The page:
Self taught or formal lessons?
I started out self-taught. I picked up things from friends to play guitar and got books and CDs from the music store. Eventually I took private lessons and group classes at the junior college. I went on to study classical guitar at the University.
Any unusual tunings you love to use?
I mostly stick with standard tuning, but occasionally use a drop tuning. I love the sound of that low D bass note. (Here’s a good one to learn – Dan)
Song you’d most like to cover but haven’t yet?
A pop flamenco instrumental version of ‘Somewhere over the rainbow’.
Your music and gear
What was your best ever gig?
Playing a concert in Vancouver British Columbia with guitarist John Gilliat. Great audience, great musicians and everything just flowed.
Favourite effects to use and why (if any)?
I don’t use effects other than a little reverb.
What does your current gear setup look like?
A flamenco guitar with a pickup going into a sound system.
One piece of gear you couldn’t live without?
Favourite song to play live?
Seville… from my CD ‘New World Flamenco Jazz‘
What’s your most embarrassing moment on stage?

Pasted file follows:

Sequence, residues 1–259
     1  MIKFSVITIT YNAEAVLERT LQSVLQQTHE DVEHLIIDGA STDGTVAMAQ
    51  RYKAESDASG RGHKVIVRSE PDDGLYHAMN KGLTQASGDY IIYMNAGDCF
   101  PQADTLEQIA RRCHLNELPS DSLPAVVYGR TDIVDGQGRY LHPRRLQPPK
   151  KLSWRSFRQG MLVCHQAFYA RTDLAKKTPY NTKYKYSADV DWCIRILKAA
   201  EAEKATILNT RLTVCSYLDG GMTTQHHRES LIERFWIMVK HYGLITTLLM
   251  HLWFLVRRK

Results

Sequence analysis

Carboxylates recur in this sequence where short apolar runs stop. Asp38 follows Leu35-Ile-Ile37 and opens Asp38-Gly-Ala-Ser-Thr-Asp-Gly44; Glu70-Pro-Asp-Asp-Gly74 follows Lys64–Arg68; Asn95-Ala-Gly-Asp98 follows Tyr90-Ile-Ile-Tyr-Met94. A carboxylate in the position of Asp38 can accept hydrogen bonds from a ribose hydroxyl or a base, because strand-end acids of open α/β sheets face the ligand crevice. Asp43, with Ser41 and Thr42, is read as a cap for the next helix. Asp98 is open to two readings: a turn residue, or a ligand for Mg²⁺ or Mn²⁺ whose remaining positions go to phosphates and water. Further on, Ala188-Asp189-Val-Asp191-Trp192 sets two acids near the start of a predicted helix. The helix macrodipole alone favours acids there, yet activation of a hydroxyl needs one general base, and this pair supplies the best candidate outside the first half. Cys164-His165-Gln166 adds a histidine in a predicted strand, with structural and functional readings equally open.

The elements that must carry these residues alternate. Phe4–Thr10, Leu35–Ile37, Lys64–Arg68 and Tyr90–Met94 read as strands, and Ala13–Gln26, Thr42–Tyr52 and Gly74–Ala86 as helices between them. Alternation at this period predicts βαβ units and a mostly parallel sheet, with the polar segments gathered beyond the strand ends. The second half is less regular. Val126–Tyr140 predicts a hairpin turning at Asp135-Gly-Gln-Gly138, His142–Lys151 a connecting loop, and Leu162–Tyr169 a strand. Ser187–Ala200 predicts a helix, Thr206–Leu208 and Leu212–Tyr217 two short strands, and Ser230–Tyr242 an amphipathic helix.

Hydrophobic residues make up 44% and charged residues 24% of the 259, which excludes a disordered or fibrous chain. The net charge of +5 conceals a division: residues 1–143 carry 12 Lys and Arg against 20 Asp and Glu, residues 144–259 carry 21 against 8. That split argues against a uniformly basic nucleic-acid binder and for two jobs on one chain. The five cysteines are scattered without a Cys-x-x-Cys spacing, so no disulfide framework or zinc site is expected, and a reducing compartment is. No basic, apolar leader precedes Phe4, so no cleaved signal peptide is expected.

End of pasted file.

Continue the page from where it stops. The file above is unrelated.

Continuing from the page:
The most embarrassing moment I can remember is when I was playing as an opening act for Johannes Linstead. He is someone that I admire and I was happy to be able to perform with him on the same stage. I was using the musicians from another group instead of my usual guys.
They were good musicians but we probably didn’t rehearse enough. About halfway through the song ‘Seville’ they went off to a different section of the song than I was playing. Fortunately it didn’t last long and we got back together. I’m not sure how much the audience noticed, but I’m sure Johannes did…And that’s what was most embarrassing.
Where do you find your inspiration for song ideas?
When I composed the song ‘Seville’ I had a dream that I was sitting in front of a CD player listening to the song. It was so real that when I woke up for a few seconds I was trying to remember which CD the song was on. Once I realized it wasn’t on a CD yet I ran in the bathroom with my little digital recorder so that I could remember the gist of the song.